https://www.researchgate.net/profile/An ... r-data.pdf

There definitely is a propeller component, which is instantly apparent when you're overflown by an Osprey, but I perceive the Osprey's core noise to be much louder than the propeller noise.
 
CowAnon
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Re: Would a large prop plane designed today look the same?

Sat Jul 14, 2018 7:27 pm

ELBOB wrote:
CowAnon wrote:
because the lack of speed compared to other narrowbodies seems to be one of the reasons why there aren't more turboprops in the sky.


I don't think that short- / medium-haul airlines give one moment's consideration to speed, other than when planning block-time and crewing. What they really want is capacity + economy; if a 180-seat turboprop could cut fuel-burn by 40% with a 20% reduction in speed, what airline would decline on the basis that it wasn't fast enough. More significant is climb rate, getting up the flight levels and en route quickly.

It's just that we don't have 180-seat turboprops, largely for legacy reasons. Jets were prestige in the 1960s and have become the default for medium-capacity aircraft for little other reason.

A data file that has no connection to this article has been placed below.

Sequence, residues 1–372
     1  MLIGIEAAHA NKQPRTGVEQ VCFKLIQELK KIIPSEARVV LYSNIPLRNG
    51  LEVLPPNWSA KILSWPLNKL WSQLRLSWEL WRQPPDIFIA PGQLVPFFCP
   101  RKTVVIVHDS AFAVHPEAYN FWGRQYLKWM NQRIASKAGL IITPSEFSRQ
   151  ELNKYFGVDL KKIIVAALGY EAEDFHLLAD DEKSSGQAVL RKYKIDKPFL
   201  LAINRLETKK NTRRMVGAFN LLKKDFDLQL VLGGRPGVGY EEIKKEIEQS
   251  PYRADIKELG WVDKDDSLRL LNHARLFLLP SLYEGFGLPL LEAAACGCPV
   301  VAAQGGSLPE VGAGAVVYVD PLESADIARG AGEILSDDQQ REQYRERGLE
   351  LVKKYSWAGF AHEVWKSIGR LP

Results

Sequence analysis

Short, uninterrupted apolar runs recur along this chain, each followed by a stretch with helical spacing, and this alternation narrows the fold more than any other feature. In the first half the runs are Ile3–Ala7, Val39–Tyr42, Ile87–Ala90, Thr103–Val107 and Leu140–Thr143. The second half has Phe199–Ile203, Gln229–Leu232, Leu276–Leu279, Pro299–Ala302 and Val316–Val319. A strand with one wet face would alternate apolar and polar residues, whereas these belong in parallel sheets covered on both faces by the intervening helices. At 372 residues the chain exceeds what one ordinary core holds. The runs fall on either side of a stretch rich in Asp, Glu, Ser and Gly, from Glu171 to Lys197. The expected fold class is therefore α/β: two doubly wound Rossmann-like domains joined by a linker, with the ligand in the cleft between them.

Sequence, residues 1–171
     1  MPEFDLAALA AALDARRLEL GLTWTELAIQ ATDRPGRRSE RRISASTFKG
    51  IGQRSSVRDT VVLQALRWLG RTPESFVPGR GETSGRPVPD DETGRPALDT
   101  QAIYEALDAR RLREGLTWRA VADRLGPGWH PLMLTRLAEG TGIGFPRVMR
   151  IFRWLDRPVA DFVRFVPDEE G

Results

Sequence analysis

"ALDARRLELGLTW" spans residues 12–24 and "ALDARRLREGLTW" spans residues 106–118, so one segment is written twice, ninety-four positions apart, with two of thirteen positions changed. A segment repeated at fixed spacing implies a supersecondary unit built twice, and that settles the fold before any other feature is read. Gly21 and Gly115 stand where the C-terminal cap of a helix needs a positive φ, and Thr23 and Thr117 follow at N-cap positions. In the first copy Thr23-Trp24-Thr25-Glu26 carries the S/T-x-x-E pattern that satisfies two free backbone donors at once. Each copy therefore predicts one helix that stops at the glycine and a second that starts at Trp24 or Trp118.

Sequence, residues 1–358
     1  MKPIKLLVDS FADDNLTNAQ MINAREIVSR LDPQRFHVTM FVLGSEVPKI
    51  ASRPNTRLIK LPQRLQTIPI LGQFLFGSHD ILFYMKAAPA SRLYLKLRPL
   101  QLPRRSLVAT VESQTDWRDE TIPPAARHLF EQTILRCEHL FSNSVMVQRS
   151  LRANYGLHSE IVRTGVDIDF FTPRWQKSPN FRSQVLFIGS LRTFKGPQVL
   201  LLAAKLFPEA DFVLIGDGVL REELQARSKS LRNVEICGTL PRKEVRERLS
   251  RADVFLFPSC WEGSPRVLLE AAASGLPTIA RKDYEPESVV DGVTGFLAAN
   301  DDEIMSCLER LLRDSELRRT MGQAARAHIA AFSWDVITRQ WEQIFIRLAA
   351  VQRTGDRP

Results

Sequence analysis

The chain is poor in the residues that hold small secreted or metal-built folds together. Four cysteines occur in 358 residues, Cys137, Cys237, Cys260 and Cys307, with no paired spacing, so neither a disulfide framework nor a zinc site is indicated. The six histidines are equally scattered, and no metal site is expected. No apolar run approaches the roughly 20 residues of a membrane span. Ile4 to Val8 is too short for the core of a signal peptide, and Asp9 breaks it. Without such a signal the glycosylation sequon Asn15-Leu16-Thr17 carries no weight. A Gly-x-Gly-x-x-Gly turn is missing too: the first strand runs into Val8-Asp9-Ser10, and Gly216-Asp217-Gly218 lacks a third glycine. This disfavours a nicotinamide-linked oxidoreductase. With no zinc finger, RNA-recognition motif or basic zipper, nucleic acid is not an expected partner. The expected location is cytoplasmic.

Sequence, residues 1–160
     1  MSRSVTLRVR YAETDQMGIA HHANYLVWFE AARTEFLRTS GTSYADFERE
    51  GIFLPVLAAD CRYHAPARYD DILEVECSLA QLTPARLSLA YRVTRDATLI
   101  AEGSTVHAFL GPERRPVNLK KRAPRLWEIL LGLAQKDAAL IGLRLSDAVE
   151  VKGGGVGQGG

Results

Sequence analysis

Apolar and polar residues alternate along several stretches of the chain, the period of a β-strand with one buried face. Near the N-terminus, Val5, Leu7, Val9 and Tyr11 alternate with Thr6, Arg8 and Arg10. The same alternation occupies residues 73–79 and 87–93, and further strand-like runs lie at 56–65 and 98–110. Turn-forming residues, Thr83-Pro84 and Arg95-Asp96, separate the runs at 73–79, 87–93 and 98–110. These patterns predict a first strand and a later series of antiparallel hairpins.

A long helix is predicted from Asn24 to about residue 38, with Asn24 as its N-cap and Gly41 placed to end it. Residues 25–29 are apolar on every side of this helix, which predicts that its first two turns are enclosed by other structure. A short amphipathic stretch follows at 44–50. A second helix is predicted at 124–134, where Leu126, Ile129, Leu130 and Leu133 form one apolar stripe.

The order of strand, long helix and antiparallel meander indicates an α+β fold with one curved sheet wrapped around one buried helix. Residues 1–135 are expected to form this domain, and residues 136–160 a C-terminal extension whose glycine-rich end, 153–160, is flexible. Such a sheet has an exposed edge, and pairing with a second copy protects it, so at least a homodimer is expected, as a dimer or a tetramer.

I'm not sure. McDonnell Douglas came close to putting GE's unducted fan on their narrowbodies (presumably including the 187-seat MD-90-55) in the late 80s/early 90s, but didn't do it despite the UDF approaching that level of fuel burn reduction with lesser or no loss of speed. When you think of the additional amounts of money spent on fuel that could have been saved industrywide since that period, it really is a shame.
 
mxaxai
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Re: Would a large prop plane designed today look the same?

Sun Jul 15, 2018 9:25 am

Starlionblue wrote:
WPvsMW wrote:
Valid points that will indeed delay hybrids, but I had in mind hybrids as a solution to noise curfews. Imagine LHR, LGB, etc., operating hybrids during noise curfew hours.


The noise from a modern turbofan doesn't come from the core (much). The noise is from accelerating air in the engine overall, and from dirty configuration on approach.

Electrically driving the fan will not decrease noise significantly because you still have to accelerate the same amount of air for a given aircraft weight.

I can assure you that, up close, the noise from an ATR in "hotel" mode is deafening. Even without the propeller turning. So I guess there is some room for improvements.

I would also expect distributed propulsion systems to have less noise, or at least different noise. Compare for example the noise of a large multicopter with a conventional helicopter. Even if the noise pressure is identical at the source, the higher frequencies are attenuated much faster in air than the lower ones. When an aircraft is far away, you only hear a low rumble, or the distinctive chopping sound of helicopters.